Chinese puzzles: Kong Ming Suo
Outside her school, Yamin bought several little puzzles from a street vendor. Among them was one that you may have seen before, in Chinese, 孔明锁 (kong ming suo), maybe meaning “Kong Ming Lock”.
The completed puzzle:
These puzzles are actually very famous in China. It seems that everyone knows that they were invented some time around the beginning of the 3rd C. by Zhuge Liang, a high official during China’s Three Kingdoms period, and the Chinese all know his character in the Chinese classic novel, The Romance of the Three Kingdoms. He has the reputation of being very smart and well-educated, and that he invented this puzzle is evidence of that.
After Yamin brought this home, I solved it within the first 5 minutes. However, that turned out to be beginner’s luck, because later, I was not only unable to solve it a second time, but I actually proved that it couldn’t be done. Ahem.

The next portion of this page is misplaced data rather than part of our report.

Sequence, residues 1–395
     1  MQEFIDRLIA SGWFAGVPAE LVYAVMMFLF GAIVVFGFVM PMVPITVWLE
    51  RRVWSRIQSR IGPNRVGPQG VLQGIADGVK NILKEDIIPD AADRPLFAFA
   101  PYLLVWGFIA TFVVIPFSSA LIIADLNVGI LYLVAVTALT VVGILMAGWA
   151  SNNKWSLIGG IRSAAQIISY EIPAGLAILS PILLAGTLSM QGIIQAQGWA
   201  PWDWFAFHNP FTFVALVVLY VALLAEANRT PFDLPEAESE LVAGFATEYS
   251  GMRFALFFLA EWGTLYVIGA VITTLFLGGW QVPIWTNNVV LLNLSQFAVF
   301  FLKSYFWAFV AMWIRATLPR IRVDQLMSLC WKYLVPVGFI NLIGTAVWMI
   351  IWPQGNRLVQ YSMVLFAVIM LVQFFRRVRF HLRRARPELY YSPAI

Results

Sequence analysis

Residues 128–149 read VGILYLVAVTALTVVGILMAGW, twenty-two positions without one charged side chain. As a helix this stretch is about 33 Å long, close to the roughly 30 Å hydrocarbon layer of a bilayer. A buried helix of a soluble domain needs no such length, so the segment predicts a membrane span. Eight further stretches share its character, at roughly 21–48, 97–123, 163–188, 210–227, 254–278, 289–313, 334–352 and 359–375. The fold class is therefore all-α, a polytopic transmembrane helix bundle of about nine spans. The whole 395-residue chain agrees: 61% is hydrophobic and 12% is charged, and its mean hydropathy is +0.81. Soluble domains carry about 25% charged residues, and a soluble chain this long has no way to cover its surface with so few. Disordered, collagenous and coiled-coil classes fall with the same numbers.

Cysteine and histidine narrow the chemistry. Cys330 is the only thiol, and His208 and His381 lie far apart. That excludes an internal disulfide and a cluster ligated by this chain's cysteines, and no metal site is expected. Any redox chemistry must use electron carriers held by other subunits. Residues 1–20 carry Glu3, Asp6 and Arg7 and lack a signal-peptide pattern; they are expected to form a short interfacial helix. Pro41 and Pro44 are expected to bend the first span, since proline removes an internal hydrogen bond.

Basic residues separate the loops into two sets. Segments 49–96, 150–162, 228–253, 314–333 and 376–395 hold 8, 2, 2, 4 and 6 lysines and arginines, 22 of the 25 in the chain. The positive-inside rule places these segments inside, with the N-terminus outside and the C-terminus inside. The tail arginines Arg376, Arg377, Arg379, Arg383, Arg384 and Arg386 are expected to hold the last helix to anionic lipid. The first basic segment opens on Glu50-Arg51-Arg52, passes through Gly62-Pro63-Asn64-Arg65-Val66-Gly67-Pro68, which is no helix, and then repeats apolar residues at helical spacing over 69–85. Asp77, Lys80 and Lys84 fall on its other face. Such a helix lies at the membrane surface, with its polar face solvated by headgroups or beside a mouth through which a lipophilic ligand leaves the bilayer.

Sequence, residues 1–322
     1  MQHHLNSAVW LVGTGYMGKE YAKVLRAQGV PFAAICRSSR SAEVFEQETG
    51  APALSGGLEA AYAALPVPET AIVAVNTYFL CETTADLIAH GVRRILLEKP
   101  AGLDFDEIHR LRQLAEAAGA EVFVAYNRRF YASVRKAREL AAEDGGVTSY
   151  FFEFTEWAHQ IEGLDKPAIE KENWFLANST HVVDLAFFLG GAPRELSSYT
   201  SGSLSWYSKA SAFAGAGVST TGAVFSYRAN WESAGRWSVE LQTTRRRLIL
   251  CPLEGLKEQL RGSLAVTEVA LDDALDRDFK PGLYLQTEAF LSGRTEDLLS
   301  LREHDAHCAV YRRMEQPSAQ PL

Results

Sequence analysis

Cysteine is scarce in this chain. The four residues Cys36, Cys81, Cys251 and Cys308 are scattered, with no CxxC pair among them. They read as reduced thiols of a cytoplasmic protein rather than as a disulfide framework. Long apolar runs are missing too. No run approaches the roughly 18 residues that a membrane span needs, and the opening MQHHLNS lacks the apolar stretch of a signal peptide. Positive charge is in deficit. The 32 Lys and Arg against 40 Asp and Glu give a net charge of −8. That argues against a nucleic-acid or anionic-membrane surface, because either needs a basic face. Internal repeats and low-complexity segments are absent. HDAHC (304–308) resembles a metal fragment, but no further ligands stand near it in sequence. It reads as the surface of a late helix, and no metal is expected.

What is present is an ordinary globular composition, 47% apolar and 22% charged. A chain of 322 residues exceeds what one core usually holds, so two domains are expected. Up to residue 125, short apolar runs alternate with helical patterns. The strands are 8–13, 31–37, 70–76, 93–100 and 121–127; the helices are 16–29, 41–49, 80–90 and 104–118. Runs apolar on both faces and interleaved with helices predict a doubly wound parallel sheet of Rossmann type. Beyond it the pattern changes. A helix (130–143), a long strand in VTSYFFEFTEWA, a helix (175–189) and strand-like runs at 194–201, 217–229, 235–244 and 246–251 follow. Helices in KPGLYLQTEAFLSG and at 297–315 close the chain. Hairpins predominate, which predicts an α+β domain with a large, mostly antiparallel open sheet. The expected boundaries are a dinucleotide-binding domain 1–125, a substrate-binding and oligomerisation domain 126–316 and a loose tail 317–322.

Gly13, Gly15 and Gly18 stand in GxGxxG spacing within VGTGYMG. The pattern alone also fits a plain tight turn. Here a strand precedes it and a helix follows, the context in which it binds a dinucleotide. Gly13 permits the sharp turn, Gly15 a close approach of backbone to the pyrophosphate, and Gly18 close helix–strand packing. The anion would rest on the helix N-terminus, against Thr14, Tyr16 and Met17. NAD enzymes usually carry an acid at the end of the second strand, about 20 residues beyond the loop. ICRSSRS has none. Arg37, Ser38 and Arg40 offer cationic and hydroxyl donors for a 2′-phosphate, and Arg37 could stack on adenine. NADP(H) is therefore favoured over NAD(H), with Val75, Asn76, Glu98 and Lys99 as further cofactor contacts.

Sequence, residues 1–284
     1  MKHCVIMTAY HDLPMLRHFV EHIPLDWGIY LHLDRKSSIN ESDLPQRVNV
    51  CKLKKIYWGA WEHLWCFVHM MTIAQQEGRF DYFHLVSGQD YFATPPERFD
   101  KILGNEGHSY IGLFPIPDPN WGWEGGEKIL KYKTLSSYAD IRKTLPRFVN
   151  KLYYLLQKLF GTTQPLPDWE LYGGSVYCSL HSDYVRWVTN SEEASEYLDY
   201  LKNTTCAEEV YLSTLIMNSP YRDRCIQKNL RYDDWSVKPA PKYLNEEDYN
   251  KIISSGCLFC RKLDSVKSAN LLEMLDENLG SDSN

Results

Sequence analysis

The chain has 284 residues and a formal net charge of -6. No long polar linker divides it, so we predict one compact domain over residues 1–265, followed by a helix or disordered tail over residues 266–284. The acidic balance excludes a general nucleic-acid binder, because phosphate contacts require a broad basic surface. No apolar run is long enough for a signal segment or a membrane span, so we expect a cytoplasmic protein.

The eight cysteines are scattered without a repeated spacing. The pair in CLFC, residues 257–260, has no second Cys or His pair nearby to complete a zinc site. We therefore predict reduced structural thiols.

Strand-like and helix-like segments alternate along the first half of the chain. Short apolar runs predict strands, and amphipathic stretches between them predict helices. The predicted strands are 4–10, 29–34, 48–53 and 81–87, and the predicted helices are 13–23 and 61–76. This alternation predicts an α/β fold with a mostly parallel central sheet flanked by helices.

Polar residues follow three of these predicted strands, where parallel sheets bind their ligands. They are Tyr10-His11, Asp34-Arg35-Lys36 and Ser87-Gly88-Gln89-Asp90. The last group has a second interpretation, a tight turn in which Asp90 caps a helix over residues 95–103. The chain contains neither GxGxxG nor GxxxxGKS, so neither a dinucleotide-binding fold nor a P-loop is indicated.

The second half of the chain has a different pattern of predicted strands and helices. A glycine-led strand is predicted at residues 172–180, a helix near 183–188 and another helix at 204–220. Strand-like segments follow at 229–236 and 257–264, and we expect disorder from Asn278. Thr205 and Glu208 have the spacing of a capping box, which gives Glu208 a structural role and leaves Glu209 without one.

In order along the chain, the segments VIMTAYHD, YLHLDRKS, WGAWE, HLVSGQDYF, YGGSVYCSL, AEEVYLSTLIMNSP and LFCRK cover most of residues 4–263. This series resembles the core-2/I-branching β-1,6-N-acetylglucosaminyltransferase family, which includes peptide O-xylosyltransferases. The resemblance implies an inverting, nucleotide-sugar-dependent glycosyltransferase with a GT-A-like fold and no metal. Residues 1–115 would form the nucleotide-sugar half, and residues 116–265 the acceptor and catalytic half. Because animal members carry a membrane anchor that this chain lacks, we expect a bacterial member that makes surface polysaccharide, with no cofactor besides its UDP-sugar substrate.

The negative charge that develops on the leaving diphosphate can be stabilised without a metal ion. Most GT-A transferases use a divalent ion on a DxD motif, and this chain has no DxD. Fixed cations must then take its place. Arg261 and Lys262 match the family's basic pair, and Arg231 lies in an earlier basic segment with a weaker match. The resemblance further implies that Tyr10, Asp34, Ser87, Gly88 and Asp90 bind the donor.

So, I finally decided to solve the problem by writing a python program to try every single combination of the blocks. It took me a couple of hours to write, but only 3 seconds to run, and the computer actually found two unique solutions! Very gratifying.
Yamin thinks I cheated by writing the computer program. However, I don’t think so. Because I wrote the program, it means I have demonstrated that I know a method to find both solutions. Whether the actual work to find the solution, using this method, was performed by me or by the computer doesn’t really matter. My example to her was, if you use an electric drill to make a hole, do you say that you made the hole, or do you say the drill made the hole? The code defines a simple, dumb procedure to methodically try every combination of each piece in each position, nothing magic, the computer isn’t doing any intelligent thinking for me. Perhaps I shouldn’t get any more credit than I should get for the first time I solved the puzzle, when I blindly stumbled on a solution. However, I definitely give myself credit!